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01.12.2018 | Letter | Ausgabe 1/2018 Open Access

Critical Care 1/2018

Gram stain-guided antibiotic choice: a GRACEful method to safely restrict overuse of broad-spectrum antibiotic agents

Critical Care > Ausgabe 1/2018
Jumpei Yoshimura, Kazuma Yamakawa, Takahiro Kinoshita, Satoshi Fujimi
Wichtige Hinweise

Electronic supplementary material

The online version of this article (https://​doi.​org/​10.​1186/​s13054-018-2270-z) contains supplementary material, which is available to authorized users.
Multidrug resistant
Ventilator-associated pneumonia
World Health Organization
The rapid pandemic spread of multidrug-resistant (MDR) pathogens and the paucity of new, effective antibiotics are placing patients’ safety at risk worldwide [ 1]. The World Health Organization (WHO) adopted a global action plan on antimicrobial resistance, emphasising the need to optimise the use of antibiotic agents [ 2]. We recently reported in Critical Care the effectiveness of Gram stain results to reduce the use of broad-spectrum antibiotics [ 3]. Here, we would like to report the prospective validation of the usefulness of Gram staining for antibiotic choice.
We conducted a prospective observational study from July 2016 to June 2017. Patients diagnosed as having ventilator-associated pneumonia (VAP), defined by a modified clinical pulmonary infection score ≥ 5, were enrolled and treated according to a Gram stain-guided antibiotic choice algorithm (Fig.  1). The primary outcome was clinical response of VAP (Additional file  1: Table S1).
Nineteen patients with a median age of 65 (49–81) years were enrolled during the study period. Clinical risk factors for MDR pathogens were present in 13 (68.4%) of the VAP patients. Pathogens isolated from endotracheal aspirates are presented in Additional file  2: Table S2. The primary outcome of the clinical response rate of VAP was 68.4%, which was comparable to previous trials using broad-spectrum antibiotics in similar clinical settings (Additional file  3: Table S3). Treatment failure occurred in six patients: antibiotic therapies were continued for more than 14 days in three patients, and pneumonia relapsed within 7 days after the end of therapy in the other three patients. The administered antibiotics did not cover pathogens isolated from an endotracheal aspirate in one patient (5.3%). The algorithm proposed narrower-spectrum antibiotics in 15 patients (78.9%) than those proposed by the 2016 Infectious Diseases Society of America–American Thoracic Society VAP guidelines [ 4] (Fig.  2). We restricted the use of anti-methicillin-resistant Staphylococcus aureus agents and anti-pseudomonal agents in 12 and 10 patients, respectively.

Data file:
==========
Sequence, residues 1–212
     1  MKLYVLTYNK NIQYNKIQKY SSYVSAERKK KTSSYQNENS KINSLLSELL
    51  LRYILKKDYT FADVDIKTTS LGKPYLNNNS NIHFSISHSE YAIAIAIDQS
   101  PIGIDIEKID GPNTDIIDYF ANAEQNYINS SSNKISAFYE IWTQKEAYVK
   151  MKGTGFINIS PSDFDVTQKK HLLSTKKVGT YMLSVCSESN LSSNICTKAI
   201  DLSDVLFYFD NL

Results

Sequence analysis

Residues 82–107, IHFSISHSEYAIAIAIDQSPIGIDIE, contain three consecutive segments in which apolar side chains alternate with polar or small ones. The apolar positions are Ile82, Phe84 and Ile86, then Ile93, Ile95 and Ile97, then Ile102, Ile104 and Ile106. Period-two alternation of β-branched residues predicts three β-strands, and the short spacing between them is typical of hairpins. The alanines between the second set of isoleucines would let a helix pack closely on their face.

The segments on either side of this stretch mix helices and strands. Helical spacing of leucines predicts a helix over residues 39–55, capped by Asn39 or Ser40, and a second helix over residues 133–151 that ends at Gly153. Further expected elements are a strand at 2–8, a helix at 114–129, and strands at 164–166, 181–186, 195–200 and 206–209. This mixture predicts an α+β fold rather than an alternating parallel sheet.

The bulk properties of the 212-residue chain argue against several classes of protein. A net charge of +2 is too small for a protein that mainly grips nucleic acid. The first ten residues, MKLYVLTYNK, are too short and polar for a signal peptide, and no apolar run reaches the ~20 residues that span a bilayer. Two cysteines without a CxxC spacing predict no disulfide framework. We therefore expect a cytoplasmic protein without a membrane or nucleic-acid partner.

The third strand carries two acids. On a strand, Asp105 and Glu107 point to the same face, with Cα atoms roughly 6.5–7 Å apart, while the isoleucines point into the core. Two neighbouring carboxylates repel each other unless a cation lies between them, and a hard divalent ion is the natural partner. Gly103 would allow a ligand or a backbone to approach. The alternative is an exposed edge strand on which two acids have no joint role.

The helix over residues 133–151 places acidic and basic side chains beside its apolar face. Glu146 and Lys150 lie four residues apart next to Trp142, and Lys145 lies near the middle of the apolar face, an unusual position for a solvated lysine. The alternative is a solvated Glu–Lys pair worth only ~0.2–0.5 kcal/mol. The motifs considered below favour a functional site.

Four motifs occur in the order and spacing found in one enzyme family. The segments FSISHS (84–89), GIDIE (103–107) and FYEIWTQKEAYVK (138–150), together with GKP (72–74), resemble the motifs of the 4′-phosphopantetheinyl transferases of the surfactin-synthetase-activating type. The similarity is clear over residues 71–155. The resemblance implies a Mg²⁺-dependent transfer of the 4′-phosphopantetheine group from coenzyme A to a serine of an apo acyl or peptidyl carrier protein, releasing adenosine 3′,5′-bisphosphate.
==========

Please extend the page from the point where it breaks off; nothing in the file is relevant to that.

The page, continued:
Our Gram stain-guided antibiotic choice algorithm was shown not only to safely guide appropriate initial antibiotic therapy but also to properly cure VAP. On the basis of the promising results of this study, we are conducting a multicentre, randomised, non-inferiority trial (GRam stain-guided Antibiotics ChoicE for Ventilator-Associated Pneumonia (GRACE-VAP)) to compare our Gram stain-guided treatment with guidelines-based treatment for patients with VAP ( ClinicalTrials.​gov NCT03506113, registered on 29 March 2018) [ 5]. Because Gram staining is an inexpensive examination and is easy to perform worldwide, including in developing countries, it could be a GRACEful method to optimise the use of antibiotics safely throughout the world.


The authors would like to thank Dr Morimoto, Dr Ohta and Dr Nakamura for thier GRACEful effort in our research.


The authors received no financial support for the study.

Availability of data and materials

The datasets used and analysed during the current study are available from the corresponding author on reasonable request.

Ethics approval and consent to participate

This study was approved by the Ethics Committee of Osaka General Medical Center. All participants consented prior to enrolment.

Consent for publication

Not applicable.

Competing interests

The authors declare that they have no competing interests.

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Open AccessThis article is distributed under the terms of the Creative Commons Attribution 4.0 International License ( http://​creativecommons.​org/​licenses/​by/​4.​0/​), which permits unrestricted use, distribution, and reproduction in any medium, provided you give appropriate credit to the original author(s) and the source, provide a link to the Creative Commons license, and indicate if changes were made. The Creative Commons Public Domain Dedication waiver ( http://​creativecommons.​org/​publicdomain/​zero/​1.​0/​) applies to the data made available in this article, unless otherwise stated.
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